Here are some awesome tips and tricks from Michelle. Good luck in both the contest and the rest of your wedding planning! Thank you so much for your entry.
 
I struggled with the idea of a wedding for a lot of reasons. For one, I’m still in college, and my groom-to-be only just graduated. For another, a really small wedding just isn’t in the cards, as it’s important for us to have our families there, and the groom’s side of the family is huge. We will have to pay for the bulk of the wedding ourselves, and I’m a little terrified. Most of what little savings we have are being channeled into one day, and not only was I a little appalled by how much some weddings can cost; we don’t have the funds to have an all-out bash. I’m still in the early stages of planning, but I wanted to share with you what I have so far!
 
When we started planning, we sat down and considered what we could do without. By consuming less, we’re not only helping the environment; in many cases, we’ll also be saving money. High fives all around! Neither of us cares about a bouquet, a garter, a veil, wedding favors, boutonnieres, or paper save-the-dates, to name a few. We are not including response cards with the invitations, instead of inviting people to respond on our wedding website or to give us a call. We decided on a daytime wedding, between lunch and dinner, with heavy hors-d’oeuvres and a gorgeous cake spread. Besides saving on food, I won’t have to worry about escort cards. I plan on buying a used wedding dress and wearing fabulous black heels that I already own.
 
Finding little ways to save everywhere can add up, and it helps us remember that the wedding isn’t about what so-and-so had at theirs, but what’s really meaningful to us. I plan on borrowing whenever I can. I have a huge affinity for white Christmas lights, and since we’re getting married after Christmas, we are asking all our friends and relatives if we can borrow theirs. I’m also starting to know a lot of people who either have just gotten married or are planning to get married, and I plan on asking if I can borrow things they used in their wedding, like clear vases for centerpieces or white paper lanterns. At the very least, they may let me buy them for much cheaper than they had to! I am also involved in a not-for-profit organization that has a banquet every year, and they have their own white tablecloths. I’m asking to rent from them, and they’ll be much cheaper than anywhere else if they won’t let me borrow them for free.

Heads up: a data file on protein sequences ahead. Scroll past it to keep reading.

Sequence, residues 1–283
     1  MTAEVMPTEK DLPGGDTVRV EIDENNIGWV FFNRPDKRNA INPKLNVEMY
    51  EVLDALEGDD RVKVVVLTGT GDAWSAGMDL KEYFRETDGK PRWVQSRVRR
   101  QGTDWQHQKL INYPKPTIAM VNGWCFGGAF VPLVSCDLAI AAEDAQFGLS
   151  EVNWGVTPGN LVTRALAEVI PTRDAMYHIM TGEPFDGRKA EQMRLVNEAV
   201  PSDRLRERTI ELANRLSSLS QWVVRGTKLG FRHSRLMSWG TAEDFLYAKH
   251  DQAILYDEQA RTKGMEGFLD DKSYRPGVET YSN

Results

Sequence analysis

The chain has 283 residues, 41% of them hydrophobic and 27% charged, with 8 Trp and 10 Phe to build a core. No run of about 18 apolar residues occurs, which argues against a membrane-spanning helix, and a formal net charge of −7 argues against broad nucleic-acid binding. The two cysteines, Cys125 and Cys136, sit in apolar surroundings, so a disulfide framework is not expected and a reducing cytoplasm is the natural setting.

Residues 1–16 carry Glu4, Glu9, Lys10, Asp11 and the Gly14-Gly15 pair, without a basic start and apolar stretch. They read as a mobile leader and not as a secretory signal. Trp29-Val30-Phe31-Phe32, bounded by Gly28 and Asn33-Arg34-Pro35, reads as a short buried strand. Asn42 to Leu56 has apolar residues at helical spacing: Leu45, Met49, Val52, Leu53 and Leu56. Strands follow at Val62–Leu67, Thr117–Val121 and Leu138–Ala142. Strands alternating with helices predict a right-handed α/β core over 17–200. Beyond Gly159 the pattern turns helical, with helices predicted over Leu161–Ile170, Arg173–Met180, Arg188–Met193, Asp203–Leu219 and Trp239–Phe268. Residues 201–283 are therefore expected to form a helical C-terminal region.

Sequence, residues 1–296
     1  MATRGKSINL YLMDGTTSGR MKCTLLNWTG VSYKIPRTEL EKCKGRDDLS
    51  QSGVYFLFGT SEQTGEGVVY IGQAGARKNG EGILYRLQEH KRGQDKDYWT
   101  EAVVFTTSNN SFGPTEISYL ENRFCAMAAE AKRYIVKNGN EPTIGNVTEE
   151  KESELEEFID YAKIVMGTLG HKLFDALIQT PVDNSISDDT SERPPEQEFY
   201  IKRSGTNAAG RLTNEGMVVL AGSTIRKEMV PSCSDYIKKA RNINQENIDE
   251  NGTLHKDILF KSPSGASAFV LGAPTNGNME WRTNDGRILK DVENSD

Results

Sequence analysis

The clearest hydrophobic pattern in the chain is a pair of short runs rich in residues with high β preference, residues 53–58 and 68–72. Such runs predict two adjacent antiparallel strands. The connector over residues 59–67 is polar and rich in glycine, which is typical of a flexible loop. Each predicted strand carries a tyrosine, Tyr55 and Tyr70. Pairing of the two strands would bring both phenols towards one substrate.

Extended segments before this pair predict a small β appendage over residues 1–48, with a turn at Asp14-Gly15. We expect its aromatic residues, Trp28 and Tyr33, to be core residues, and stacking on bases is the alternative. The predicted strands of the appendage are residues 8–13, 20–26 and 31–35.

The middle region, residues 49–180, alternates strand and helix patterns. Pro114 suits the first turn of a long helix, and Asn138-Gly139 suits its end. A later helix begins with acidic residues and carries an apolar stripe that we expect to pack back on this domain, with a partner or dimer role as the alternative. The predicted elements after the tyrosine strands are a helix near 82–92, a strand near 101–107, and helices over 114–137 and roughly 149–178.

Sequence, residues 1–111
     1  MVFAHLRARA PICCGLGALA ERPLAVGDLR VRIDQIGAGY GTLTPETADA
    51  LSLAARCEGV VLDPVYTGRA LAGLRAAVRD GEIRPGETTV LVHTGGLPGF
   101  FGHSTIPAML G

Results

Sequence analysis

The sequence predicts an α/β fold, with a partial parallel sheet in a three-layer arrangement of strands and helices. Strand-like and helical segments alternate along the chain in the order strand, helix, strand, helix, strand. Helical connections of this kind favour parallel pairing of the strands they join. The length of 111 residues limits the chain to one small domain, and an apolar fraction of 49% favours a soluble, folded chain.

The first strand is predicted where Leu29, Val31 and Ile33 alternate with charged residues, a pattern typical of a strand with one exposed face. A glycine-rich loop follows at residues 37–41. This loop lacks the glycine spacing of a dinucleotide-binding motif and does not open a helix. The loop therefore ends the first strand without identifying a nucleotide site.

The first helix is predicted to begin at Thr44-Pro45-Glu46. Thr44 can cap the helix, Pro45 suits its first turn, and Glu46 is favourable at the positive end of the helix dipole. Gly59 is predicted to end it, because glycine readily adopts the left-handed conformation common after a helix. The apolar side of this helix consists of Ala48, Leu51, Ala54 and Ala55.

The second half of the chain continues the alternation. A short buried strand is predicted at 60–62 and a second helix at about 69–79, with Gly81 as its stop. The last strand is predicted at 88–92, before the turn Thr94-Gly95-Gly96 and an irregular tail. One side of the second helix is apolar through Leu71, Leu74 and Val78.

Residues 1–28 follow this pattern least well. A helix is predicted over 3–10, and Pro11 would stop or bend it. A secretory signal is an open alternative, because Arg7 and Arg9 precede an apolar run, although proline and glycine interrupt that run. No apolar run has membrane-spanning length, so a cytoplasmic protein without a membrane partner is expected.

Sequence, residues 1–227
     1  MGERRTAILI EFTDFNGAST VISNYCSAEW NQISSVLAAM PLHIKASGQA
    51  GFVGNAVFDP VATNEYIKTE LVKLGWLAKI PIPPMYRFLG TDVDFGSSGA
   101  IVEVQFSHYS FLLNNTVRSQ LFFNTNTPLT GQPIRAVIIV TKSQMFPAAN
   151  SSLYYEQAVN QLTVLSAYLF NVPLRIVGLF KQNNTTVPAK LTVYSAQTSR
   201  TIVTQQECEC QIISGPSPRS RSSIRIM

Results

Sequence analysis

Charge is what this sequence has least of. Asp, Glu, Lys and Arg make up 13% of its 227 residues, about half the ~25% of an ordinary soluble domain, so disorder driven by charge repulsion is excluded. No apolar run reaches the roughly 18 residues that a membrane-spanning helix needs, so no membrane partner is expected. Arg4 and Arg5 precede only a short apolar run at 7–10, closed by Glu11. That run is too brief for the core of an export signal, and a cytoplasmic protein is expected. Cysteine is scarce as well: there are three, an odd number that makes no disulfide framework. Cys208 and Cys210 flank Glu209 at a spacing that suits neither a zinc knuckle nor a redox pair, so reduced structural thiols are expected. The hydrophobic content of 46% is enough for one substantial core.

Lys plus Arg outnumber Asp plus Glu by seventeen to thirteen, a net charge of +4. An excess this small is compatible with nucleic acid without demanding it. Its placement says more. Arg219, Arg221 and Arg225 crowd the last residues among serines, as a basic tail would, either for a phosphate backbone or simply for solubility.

Since I knew almost nothing about weddings before planning my own, I’ve done a lot of research. Blogs, of course, are extremely helpful, and books are another wonderful resource. If you read the right ones, they’ll keep things in perspective, so you won’t overspend on something you don’t need. There are lots of great ones out there, but my current read is The DIY Wedding: Celebrate Your Day Your Way by Kelly Bare. Kelly, a DIY bride herself, not only outlines how you can plan your wedding in a sane, organized, budget-friendly way but has a few easy and creative projects throughout the book. A tip I got from her was to choose your venue wisely. If you pick a beautiful venue from the start, you’ll need fewer decorations, which means less money spent. I also plan on negotiating prices. It doesn’t hurt to ask for a discount and can save a lot of money, especially on big-ticket items like the venue.
 
Of course, we are DIYing a lot. I like to design and food, so I’m tackling the invitations, programs, and the cake. My groom-to-be is a computer programmer, and he’s writing a photobooth program that we can run off his laptop. Not only will it be free, but it will also exactly suit our vision and needs. I briefly toyed with the idea of paper flowers, as they can be cheaper than real ones, but I realized that I really, truly love real flowers. So, to keep costs down, I will be arranging them myself. If it is cheaper than renting, I’m also willing to sew table runners and napkins. We will be our own DJ, playing music off our iPod, and we’re getting the advice from one of our friends, a professional DJ, about how to plan a reception’s worth of music.
 
Another small way I plan to stay on budget is to stay on top of what I’m spending. After some research, I constructed a budget on a spreadsheet. I plan on keeping track of everything I spend as soon as I spend it, so I know exactly what I’ve allotted for myself and what is out of my range. That way I can’t accidentally go over our budget.

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